Responding to the news that CJ McCollum hasn’t yet had a chance to speak to Pelicans star Zion Williamson since being acquired by New Orleans at this month’s trade deadline, ESPN analyst J.J. Redick expressed disbelief and criticized Williamson for not being more engaged with the team.
“This is a little bit insane to me. There’s a general decorum of behavior that you should apply as a teammate,” Redick said on ESPN’s First Take on Tuesday (video link). “Look, I wasn’t the best player on any team I was on, but if there was a buyout possibility, if there was a trade possibility, I would always reach out to teammates. I called Ersan Ilyasova, I called Marco [Belinelli], I called Wes Matthews trying to get him to come to Philly. This just shows a complete lack of investment in your team, in the organization, in the city.”
Williamson, who underwent foot surgery during the offseason, has yet to play this season and has been rehabbing away from the team since early January. However, Redick doesn’t view that as a reasonable excuse for the star forward’s lack of communication with McCollum.
“I get that he’s hurt and away from the team, but you just traded for one of the 50 best players in the league, a guy that’s supposed to be paired with you,” Redick said. “Reach out and say hello.”
Typically, opinions from an ESPN analyst about a player aren’t particularly newsworthy, since that analyst is often sharing his two cents without any inside info on the player or the team. However, this situation is a little different.
Besides being teammates with Williamson from 2019-21 before he retired as a player, Redick is also a fellow Duke alum, a fellow CAA client, and has publicly criticized of Pelicans head of basketball operations David Griffin, as Scott Kushner of NOLA.com tweets. As such, Redick’s comments about Zion are especially eyebrow-raising.
“This is a pattern of behavior with Zion that we are seeing again and again. And look, I was his teammate. I can describe him as a detached teammate. That is an accurate statement,” Redick said. “This is basic level of humanity, being a teammate. Send a text to a guy when he gets traded to your team. That is just normal behavior. That’s the bare minimum that you have to do.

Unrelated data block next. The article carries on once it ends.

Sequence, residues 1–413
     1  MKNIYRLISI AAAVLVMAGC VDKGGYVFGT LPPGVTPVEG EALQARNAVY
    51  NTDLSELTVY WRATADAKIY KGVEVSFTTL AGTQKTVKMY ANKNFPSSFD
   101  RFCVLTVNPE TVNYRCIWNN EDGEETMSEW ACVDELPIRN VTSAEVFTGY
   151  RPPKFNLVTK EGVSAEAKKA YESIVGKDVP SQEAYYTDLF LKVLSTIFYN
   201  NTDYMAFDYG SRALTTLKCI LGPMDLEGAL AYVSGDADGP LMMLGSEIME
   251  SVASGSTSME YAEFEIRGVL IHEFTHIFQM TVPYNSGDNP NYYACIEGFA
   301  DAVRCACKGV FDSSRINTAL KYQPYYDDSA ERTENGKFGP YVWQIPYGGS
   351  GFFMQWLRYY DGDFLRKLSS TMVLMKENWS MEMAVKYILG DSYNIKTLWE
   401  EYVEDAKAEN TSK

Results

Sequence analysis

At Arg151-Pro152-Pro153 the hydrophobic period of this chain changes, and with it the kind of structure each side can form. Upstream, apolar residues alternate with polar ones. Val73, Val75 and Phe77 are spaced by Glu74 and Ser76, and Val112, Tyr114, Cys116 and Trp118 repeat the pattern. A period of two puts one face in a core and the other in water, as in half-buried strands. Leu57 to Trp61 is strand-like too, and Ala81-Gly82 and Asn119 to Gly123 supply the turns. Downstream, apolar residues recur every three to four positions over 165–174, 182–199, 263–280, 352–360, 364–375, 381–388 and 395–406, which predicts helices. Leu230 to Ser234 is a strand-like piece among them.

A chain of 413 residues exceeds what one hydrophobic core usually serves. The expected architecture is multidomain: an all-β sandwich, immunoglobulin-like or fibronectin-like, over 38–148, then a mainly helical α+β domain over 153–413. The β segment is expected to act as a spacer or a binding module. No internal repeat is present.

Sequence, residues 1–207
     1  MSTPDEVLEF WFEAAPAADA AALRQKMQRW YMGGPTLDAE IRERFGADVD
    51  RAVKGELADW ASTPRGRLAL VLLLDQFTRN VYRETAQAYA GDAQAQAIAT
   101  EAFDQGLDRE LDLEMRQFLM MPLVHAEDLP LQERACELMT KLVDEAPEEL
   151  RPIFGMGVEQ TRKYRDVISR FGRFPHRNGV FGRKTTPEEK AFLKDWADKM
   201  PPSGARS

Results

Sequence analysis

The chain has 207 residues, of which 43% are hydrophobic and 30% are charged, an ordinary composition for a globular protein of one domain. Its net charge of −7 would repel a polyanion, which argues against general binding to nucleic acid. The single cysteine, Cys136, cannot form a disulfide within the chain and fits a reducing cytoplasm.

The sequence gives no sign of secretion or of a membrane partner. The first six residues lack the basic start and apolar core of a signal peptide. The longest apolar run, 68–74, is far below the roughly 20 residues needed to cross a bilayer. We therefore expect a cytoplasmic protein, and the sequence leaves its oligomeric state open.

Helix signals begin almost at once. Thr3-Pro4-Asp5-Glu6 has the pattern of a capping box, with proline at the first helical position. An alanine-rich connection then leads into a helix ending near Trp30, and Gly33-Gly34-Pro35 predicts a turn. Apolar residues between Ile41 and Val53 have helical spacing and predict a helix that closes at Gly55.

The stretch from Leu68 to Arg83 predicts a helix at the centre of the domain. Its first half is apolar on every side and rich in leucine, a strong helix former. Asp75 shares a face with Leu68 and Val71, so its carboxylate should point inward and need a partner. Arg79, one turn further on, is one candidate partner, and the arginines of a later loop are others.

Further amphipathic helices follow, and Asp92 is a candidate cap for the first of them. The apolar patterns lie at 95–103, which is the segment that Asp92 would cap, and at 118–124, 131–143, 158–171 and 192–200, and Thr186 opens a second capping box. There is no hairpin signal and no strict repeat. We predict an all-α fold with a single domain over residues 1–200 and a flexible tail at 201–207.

“… This is something I addressed with Zion in front of the team,” Redick later added. “This is going back to his rookie year. There’s a responsibility that you have as an athlete when you play a team sport to be fully invested. You’re fully invested in your body, you’re fully invested in your work, and you’re fully invested in your teammates. That is your responsibility, and we have not seen that from Zion.”
Williamson’s desire to play for the Pelicans has been questioned since the 2019 draft lottery, when New Orleans won the No. 1 pick over bigger-market teams like the Knicks and Lakers. One report during the 2021 offseason suggested that some of Williamson’s family members wanted him out of New Orleans, while a subsequent story claimed that Zion and Griffin aren’t on particularly great terms.
For his part, the former No. 1 overall pick has repeatedly stated that he loves playing in New Orleans, but Redick and his ESPN colleague Stephen A. Smith expressed skepticism about Zion’s long-term commitment to the franchise.
“He’s never publicly come out and said, ‘I don’t want to be in New Orleans.’ But as we know, Stephen A., because we follow the league, where there’s smoke, there’s fire,” Redick said. “You didn’t hear rumors about Giannis [Antetokounmpo] being unhappy in Milwaukee. With Zion, you’ve heard that now for the last three years.”
Williamson will be eligible for a rookie scale extension during the 2022 offseason. Although no player has ever turned down a maximum-salary rookie scale extension, it’s unclear whether the Pelicans would even be comfortable putting that sort of offer on the table, given that injuries have limited Williamson to just 85 games since he entered the league in 2019.
When the Sixers extended Joel Embiid following his third NBA season, he had only appeared in 31 career games, so the two sides agreed to include injury-related language in his max deal in order to protect the team. The Pelicans and Williamson could theoretically explore a similar arrangement, but first they’ll have to decide whether the union is one they even want to continue for the next several seasons.
“New Orleans is going to have to make some sort of decision here,” Redick said. “We’ve seen this now for three years.”